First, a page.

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Sir Jerry Mateparae, formally opened the Mahu Whenua (healing the land) covenants at Queenstown's Millbrook Resort, on Saturday.
The country's largest private land protection agreement, the covenants cover most of the country between Lake Wanaka and Arrowtown and are bordered by the Shotover River and Cardrona Valley.
Sir Jerry, in a speech on Saturday, said: ''New Zealand's isolation has seen us as a nation develop a very strong sense of place.
''For many of us, even those who live in cities, the landscape of our country, especially the high country, captures our sense of home.
''Those rugged hills and valleys, formed over the millennia, are as representative of New Zealand as the silver fern.''
The covenants were established by multimillionaire record producer Robert ''Mutt'' Lange, owner of Soho Property Ltd - the station's perpetual lease holder - in partnership with the Queen Elizabeth II National Trust.
With formal registration of the covenants now complete, one each on Motatapu, Mount Soho, Glencoe and Coronet Peak stations, a total of 53,000 hectares of high country landscape is permanently protected.
Trust patron Sir Jerry described the covenants as a ''significant gift to New Zealand''.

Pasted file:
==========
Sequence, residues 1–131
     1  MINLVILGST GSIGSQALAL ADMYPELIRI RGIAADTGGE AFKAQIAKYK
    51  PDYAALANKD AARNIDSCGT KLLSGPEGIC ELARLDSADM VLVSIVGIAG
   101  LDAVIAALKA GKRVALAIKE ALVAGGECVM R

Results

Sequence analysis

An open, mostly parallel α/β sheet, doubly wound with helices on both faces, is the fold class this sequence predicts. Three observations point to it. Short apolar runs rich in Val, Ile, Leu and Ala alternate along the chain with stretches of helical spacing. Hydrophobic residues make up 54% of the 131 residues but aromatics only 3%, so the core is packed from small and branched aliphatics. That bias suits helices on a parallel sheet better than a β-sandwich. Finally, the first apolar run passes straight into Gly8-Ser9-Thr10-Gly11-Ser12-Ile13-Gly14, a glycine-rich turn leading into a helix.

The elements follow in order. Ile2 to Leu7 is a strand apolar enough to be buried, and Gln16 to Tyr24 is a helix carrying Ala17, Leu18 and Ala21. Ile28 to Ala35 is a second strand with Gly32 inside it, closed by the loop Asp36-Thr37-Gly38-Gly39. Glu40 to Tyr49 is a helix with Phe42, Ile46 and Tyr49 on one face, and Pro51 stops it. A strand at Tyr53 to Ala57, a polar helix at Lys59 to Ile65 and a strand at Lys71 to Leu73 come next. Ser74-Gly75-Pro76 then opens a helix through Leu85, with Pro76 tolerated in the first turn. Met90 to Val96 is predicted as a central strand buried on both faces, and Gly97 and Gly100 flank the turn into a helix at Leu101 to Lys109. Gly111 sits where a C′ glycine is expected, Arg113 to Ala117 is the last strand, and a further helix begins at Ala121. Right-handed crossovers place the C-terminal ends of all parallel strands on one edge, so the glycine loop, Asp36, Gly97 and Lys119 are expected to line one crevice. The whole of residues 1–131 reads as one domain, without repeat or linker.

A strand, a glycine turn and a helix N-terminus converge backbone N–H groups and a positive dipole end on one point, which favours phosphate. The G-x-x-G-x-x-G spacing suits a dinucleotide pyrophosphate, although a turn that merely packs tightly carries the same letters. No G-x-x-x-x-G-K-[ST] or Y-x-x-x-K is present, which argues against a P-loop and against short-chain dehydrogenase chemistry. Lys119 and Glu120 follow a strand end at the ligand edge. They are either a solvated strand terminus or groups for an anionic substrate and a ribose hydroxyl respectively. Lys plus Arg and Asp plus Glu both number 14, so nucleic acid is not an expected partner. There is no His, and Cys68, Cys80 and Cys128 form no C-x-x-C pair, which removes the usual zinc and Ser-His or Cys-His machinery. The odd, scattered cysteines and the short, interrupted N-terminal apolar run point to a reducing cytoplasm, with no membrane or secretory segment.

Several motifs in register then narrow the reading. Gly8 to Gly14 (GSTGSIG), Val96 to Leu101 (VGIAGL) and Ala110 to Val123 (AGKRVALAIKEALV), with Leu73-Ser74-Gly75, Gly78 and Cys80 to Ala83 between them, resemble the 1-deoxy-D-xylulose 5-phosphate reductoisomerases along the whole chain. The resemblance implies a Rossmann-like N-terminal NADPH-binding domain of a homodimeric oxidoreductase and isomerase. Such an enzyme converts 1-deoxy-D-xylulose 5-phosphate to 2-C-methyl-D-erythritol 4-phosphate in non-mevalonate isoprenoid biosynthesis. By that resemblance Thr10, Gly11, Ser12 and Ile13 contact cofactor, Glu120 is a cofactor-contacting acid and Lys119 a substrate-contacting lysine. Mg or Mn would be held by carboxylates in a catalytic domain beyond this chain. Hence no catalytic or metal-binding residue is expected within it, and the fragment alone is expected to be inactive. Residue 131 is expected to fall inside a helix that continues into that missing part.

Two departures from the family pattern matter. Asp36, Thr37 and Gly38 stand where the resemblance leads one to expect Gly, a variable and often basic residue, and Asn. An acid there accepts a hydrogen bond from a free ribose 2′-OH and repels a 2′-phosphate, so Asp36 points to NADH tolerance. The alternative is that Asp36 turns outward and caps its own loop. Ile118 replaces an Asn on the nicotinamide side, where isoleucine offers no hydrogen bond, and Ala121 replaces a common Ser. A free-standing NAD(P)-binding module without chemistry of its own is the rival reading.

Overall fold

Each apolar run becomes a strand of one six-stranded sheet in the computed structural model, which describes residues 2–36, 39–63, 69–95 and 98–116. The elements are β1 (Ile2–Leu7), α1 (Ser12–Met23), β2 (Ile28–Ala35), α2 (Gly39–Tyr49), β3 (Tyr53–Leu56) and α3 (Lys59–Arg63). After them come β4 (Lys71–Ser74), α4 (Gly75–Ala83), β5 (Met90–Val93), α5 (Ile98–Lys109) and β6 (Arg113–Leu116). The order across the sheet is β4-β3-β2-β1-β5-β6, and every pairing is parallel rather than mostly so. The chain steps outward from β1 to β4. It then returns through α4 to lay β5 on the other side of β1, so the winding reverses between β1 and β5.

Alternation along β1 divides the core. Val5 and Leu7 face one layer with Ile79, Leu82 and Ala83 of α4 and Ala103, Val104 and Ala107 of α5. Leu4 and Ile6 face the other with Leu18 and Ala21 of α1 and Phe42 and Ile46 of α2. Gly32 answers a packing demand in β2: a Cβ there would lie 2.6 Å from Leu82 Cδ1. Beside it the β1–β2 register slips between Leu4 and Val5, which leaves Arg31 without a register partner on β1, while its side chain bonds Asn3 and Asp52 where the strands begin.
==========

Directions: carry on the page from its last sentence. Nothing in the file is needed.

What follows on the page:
He said while humankind's presence is certainly visible now, the landscape will be here long after we are gone.
''This Maori proverb captures that idea: Toitu he whenua, whatungarongaro he tangata? The land remains while people disappear.''
Trust chairman James Guild said protection of such a large tract of private land would not have been possible without the vision and generosity of Mr Lange.
Mr Guild said: ''Mr Lange has instigated the protection of an extensive landscape that is rich in natural and cultural heritage.
''He has in effect created New Zealand's first private national park.
''We celebrate his tremendous philanthropy and the legacy he leaves on this landscape with his covenants.''
Mr Guild said the land's scenic and intrinsic values and the opportunity for people to get out and enjoy it are safeguarded forever.
The covenants protect the landscapes, the habitat of unique native plants and animals, important historic and cultural sites, public access, and recreation values.
Mr Guild emphasised that covenanting land is voluntary and not a requirement of the Overseas Investment Office or the Government.
Not any of the four stations are involved in tenure review.
The total area protected by covenantors across New Zealand is currently about 180,000ha - an area similar in size to Stewart Island.
Minister of Conservation, Maggie Barry ONZM, also spoke at the opening and presented the winners of a music and film competition with $1000 and prizes before launching their short film at Dorothy Brown's Cinema in Arrowtown.
Film editor Ruby Judson and composer Steffan Paton's video won the Soho Film and Original Composition Competition.